Scarlet Paws rescues and protects stray animals in the Rutgers and New Brunswick area

By: Megan Dougherty

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Mary Ann Cancio sat in her office on the Douglass College Campus and recalled the times she rescued a duck, a rooster and a turtle. Her efforts are all part of Scarlet Paws Animal Welfare Network, an organization she is president of.

Scarlet Paws strives to rescue and protect all animals who are “…sick, injured, or displaced from their natural habitat” in the New Brunswick campuses of Rutgers University. The organization rescues a variety of animals, however a majority of the animals are cats. Many students at Rutgers take care of cats on their own since they are not high maintenance, but when the semester is over the cats are left on campus, Cancio said.

“Scarlet Paws has made a long-term commitment to the welfare and well-being of these animals,” according to their mission statement.

Cancio said Scarlet Paws is a non-profit organization, and is not officially sanctioned by Rutgers University. Scarlet Paws are always looking for volunteers to foster and adopt cats, and those who are interested in doing grant writing, fundraising and administrative work.

“We are a compilation of staff, faculty and students at Rutgers who have come together to rescue and place stray, abandoned animals on campus and in the nearby community,” she said.
Although the organization gained its non-profit status almost four years ago, Scarlet Paws was actively rescuing animals before that, Cancio said.

Up to 70 million stray cats roam the United States, and the amount of homeless animals outnumber humans five to one, according to DoSomething.org.

Star, a stray cat Scarlet Paws rescued.

Star, a stray cat rescued by Scarlet Paws.

A majority of the reports the organization receives stem from sightings of stray animals on the side streets near College Avenue, like Mine Street, Hamilton Street and Richardson Street, Cancio said. Stray animals, especially cats, tend to migrate toward the residential areas rather than the congested places, like College Avenue itself, she said.

Scarlet Paws attends various adoption events throughout the year, including Scarlet Day, and the North Brunswick Humane Association’s adoption event in June. One of the biggest events is the Garden State Cat Club Expo at the Garden State Exhibit Center in Somerset, which will be held on July 18 and 19 this year. In addition, the organization has an ongoing partnership with PetSmart, where it holds weekend adoption events for the animals Scarlet Paws have helped rescue.

Cancio has worked at Rutgers since 1996 as director of Operations and Direct Academic Support, and prior to that at The College of New Jersey. While working at both schools, she noticed stray animals often roaming the campus areas and would take them in. She would take feed the animals and take them to a veterinarian. Chance would then place the stray animals on her own.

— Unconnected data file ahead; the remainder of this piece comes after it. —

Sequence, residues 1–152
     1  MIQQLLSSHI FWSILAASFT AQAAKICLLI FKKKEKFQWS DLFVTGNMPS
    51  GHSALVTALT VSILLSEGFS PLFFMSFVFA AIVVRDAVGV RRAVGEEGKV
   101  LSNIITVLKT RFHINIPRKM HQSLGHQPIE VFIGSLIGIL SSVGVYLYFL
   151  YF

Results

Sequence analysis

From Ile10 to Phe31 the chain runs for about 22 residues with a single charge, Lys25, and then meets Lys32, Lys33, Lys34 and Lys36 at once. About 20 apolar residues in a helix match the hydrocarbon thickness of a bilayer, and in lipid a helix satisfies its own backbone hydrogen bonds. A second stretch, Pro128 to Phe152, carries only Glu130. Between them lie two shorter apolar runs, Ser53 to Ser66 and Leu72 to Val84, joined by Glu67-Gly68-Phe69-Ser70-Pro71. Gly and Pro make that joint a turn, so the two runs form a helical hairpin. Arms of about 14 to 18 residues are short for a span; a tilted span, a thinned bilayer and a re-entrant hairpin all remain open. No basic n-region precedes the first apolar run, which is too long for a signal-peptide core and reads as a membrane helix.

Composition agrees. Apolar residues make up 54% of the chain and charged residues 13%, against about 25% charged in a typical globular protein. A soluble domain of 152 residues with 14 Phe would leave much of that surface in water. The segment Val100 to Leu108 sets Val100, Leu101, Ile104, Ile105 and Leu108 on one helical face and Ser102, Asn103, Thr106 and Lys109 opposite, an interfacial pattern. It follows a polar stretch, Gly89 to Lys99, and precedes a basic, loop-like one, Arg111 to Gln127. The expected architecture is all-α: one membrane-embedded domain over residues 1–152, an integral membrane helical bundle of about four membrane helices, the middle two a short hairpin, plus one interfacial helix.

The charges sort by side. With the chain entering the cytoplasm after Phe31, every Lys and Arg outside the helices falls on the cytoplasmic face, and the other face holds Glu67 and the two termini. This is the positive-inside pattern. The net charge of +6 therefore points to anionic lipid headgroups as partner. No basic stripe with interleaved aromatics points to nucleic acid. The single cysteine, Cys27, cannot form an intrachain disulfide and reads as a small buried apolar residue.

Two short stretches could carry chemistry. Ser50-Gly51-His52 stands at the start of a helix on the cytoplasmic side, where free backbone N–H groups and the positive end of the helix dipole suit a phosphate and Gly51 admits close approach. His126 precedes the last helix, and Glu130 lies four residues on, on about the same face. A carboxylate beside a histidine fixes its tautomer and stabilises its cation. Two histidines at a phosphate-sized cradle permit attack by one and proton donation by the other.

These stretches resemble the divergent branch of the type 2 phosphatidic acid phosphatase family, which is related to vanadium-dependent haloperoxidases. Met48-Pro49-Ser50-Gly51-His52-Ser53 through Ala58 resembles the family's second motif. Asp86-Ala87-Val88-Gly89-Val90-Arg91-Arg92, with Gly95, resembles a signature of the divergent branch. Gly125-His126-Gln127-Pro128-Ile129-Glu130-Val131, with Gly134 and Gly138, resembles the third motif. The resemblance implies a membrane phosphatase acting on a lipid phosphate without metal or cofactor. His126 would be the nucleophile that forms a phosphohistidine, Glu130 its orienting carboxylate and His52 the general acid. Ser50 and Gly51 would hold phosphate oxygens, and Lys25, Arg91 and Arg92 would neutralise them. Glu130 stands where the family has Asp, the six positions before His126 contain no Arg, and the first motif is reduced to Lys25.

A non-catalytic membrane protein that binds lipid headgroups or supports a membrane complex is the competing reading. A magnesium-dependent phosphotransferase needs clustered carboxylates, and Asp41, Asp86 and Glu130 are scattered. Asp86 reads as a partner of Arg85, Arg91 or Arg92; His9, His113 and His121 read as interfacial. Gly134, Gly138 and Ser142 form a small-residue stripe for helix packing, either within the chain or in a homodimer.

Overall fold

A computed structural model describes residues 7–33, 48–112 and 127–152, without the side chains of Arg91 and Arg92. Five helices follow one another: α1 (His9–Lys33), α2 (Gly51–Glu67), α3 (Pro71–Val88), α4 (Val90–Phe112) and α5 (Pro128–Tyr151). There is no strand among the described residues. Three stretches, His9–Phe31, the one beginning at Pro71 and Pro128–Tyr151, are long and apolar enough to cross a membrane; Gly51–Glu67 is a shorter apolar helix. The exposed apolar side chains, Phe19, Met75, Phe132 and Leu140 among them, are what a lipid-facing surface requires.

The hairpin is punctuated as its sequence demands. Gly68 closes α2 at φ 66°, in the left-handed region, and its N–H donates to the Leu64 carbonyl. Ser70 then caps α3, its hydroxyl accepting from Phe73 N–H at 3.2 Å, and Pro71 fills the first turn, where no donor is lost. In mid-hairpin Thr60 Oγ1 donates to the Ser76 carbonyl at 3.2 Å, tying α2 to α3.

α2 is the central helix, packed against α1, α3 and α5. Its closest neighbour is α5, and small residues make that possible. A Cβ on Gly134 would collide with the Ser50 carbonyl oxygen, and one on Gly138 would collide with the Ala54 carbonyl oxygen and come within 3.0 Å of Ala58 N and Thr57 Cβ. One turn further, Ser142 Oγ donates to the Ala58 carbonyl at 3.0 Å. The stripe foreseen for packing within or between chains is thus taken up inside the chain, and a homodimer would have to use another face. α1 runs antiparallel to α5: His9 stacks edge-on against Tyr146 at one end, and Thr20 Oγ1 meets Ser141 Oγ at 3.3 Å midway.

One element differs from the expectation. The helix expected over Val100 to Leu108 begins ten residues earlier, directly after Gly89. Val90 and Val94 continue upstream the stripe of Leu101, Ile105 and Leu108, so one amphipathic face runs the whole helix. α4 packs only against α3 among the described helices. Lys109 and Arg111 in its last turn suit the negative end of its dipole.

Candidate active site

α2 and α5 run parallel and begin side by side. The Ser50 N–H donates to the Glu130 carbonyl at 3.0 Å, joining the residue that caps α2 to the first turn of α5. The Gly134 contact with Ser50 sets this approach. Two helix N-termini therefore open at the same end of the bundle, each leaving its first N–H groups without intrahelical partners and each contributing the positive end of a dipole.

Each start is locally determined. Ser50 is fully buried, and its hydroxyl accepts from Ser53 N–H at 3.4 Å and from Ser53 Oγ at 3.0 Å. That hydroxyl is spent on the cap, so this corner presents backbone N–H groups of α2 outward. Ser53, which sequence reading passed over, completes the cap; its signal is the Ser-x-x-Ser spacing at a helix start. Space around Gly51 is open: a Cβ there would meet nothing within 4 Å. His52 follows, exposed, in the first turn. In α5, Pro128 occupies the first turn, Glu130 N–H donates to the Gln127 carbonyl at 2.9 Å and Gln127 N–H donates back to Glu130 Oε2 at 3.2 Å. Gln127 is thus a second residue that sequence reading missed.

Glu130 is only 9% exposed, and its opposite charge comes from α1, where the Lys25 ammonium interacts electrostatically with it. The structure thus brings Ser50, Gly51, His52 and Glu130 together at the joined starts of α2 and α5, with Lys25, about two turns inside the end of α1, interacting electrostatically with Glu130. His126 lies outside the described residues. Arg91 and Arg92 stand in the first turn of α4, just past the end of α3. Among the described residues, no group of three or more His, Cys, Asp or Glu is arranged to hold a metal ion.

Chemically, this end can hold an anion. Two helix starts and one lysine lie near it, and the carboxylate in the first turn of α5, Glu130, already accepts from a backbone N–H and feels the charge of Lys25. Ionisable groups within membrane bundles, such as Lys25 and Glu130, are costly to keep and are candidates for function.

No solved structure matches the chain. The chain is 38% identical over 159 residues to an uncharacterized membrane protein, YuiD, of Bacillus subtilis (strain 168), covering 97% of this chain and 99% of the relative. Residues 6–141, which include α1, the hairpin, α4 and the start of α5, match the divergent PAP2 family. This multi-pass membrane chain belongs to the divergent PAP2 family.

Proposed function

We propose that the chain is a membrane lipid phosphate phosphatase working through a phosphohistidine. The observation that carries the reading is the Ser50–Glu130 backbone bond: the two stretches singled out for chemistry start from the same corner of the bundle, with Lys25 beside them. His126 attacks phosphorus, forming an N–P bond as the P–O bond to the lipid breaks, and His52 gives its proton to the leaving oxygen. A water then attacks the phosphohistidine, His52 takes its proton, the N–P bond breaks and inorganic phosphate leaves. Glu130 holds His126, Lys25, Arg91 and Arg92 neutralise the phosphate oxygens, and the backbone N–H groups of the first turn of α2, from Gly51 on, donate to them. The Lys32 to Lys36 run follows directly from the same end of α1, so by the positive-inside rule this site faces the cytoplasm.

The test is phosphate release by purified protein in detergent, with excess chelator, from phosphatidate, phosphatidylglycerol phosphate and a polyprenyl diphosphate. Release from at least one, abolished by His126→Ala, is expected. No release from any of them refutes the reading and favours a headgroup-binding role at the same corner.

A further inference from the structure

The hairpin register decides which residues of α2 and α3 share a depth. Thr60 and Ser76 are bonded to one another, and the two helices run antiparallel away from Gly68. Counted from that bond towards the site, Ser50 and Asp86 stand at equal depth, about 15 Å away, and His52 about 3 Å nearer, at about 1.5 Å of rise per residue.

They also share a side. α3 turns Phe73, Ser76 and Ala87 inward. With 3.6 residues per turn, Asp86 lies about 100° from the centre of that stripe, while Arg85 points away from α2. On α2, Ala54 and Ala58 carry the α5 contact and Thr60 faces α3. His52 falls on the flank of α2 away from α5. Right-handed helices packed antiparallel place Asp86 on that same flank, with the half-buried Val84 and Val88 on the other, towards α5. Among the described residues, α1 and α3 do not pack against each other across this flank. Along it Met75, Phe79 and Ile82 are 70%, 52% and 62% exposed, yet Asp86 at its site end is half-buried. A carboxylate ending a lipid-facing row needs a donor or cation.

While helping these stray animals Cancio said she would often come across others in the area doing the same thing, rescuing strays and finding a home for the animals- that is when Scarlet Paws was created. Now, people can volunteer time and home, and report an animal sighting on the Scarlet Paws website.

In addition to being president of Scarlet Paws, Cancio is also the advisor for Rutgers United for the Welfare of Animals, a student organization whose mission is similar to that of Scarlet Paws.

“We strive to identify animal rights and create a peaceful environment for people and animals,” according to their website.

Her endeavors with this organization led her to adopting a stray cat known as Scarlet, who was named by a Scarlet Paws volunteer. In the summer of 2004, Cancio helped rescue a Scarlet’s litter of kittens on College Avenue but Scarlet was hesitant to follow. Although she tried very hard, Scarlet was unwilling to come out of hiding and eventually disappeared from the area.

A year later, however, a dean reported to Cancio that he had found another litter of kittens hiding in the bushes near Milledoler Hall.

“I’m outside those bushes a year later talking to the dean about the cat that she is now telling me is down there with kittens, and so I say ‘That sounds like Scarlet.’ All of a sudden she came out of the bushes because she heard her name,” Cancio said.

After being unable to place Scarlet, Cancio decided to take her in. She continues to advocate for the rescue and protection of stray animals through Scarlet Paws, and encourages those in the area to take action as well.

“It is very important to report it [stray animals] because kitten season is approaching. In the beginning of March, the female cats start to have their litter of kittens. If you can get the kittens early enough they’re easily socialized and placed because people really like to adopt kittens,” she said.

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